You know what they say in the event planning business: “A happy client is a happy life.” It’s true.
Satisfied clients (and lots of them) are the keys to building a robust event planning business. They will spread the word on what a great event planner you are, and are the foundation of a solid event industry reputation. That’s why it’s so important as an event planner to set the stage for event planning success. Here are some essential tips to increase the odds of getting great referrals and building your event planning business:
What are your client’s event objectives? Is it determined by the number of attendees, flawless execution or by staying within budget? It’s important to start by defining the metrics for a successful event.
2. Event Date
Does your client have a date and a venue for the event? This seem like a no-brainer question, but it’s a way to gauge how far along the client is in the concept phase, and potentially how much time you will spend on those aspects of event planning. It’s easier to find event venues for smaller groups, but capacity thresholds will be tighter. Scaling down is MUCH easier, so make sure your client is choosing an event venue that can accommodate the largest guest list projection.
Finally, 4-6 months of event planning time is ideal.
Does your client have a style preference for example mid-century modern, boho bungalow, boho chic, French farmhouse, Hollywood glam, etc. Today, there are luxury event rental companies like Zen Event Rentals that specialize in one or all of those categories.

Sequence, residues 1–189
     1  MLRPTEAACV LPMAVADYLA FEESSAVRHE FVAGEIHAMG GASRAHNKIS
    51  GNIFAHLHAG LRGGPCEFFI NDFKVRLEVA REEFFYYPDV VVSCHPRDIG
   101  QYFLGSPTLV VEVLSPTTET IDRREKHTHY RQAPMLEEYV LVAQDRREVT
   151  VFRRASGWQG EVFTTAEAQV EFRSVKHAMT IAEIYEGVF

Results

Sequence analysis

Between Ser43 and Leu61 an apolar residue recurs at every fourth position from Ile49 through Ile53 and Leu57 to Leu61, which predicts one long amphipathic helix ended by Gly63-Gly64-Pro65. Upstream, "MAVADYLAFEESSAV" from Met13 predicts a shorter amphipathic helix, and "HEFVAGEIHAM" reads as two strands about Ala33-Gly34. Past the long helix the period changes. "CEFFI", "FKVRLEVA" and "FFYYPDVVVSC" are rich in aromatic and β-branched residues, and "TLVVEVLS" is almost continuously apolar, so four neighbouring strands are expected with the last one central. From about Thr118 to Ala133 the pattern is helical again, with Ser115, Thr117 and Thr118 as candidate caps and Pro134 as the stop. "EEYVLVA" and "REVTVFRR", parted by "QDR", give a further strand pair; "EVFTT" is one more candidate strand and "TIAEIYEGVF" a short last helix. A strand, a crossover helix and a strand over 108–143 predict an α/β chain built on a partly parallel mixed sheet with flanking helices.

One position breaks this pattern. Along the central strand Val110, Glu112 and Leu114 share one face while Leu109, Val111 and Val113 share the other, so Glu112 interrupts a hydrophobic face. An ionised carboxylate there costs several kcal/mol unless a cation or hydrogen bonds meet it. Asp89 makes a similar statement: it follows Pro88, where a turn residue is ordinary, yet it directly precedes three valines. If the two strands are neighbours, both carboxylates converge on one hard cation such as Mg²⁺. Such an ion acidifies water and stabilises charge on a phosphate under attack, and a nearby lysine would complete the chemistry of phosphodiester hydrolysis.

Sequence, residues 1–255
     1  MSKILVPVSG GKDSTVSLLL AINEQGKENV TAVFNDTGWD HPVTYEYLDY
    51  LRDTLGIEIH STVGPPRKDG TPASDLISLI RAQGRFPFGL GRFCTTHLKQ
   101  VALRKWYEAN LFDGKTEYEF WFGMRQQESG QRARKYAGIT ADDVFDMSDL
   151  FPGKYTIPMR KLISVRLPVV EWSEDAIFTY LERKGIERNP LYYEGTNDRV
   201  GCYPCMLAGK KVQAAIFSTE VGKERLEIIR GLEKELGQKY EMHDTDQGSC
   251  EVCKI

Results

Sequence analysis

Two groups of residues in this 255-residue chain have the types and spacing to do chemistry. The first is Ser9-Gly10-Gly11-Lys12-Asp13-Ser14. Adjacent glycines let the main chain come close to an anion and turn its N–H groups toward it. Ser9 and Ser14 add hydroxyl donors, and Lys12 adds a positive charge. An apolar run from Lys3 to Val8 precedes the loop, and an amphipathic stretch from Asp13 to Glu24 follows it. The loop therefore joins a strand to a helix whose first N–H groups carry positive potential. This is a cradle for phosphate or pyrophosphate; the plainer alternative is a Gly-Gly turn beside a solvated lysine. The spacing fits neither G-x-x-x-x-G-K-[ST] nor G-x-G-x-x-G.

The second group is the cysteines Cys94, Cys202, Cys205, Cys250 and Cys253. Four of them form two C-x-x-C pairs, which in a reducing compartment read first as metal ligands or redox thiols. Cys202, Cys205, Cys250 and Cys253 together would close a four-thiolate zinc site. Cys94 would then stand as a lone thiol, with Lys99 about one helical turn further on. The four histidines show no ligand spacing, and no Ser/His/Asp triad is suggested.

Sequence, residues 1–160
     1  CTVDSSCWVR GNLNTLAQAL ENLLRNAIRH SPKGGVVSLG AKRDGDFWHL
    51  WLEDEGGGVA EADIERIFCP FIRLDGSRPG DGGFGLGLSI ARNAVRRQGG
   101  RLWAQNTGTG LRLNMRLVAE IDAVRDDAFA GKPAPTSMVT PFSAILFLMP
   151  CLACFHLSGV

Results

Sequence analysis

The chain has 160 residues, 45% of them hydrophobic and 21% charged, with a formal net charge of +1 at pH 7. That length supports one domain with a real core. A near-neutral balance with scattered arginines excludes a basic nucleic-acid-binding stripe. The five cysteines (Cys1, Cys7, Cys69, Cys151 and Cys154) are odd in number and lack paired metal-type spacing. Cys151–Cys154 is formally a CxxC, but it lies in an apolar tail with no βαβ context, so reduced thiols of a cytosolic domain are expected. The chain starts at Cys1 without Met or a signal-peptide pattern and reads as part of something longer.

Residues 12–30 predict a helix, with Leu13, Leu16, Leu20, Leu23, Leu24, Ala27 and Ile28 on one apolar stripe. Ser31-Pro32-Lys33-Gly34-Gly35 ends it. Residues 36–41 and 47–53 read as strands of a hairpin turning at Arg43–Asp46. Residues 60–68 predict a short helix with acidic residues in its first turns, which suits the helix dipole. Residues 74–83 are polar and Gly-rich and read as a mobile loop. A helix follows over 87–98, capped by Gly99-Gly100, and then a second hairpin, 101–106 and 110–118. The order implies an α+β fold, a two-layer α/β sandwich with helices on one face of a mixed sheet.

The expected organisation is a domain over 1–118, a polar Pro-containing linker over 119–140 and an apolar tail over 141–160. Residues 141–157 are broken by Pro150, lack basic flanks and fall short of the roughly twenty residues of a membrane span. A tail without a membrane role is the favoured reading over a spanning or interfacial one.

Has your client worked through details to come up with a per-person budget amount? There are always unforeseen expenses that occur in the event planning process. For that reason, it’s a good idea to start out as detailed as possible so that cost-cutting opportunities are easier to find. Believe it or not, small events can actually cost more per person because hotel and catering prices decrease as the event headcount increases. Don’t forget to discuss taxes, insurance, security deposits, and service and gratuity fees. Does the client understand how you, as the event planner, are compensated for your work?
How many guests will be in attendance? The difference between 500 and 700 event guests is significant. This is an important qualifying question to assess whether your client has an understanding of event cost structure, and if not, it’s an opportunity to demonstrate value with some event-hosting education.
What are the essential elements that your client can’t live without? Uncovering any gaps between event expectations and affordability early in the process can help avert surprises and roadblocks later.
Remember: an event planner’s pot of gold is word-of-mouth referrals. With awareness and good communication on the front end, you can ensure the likelihood of great events and happy clients.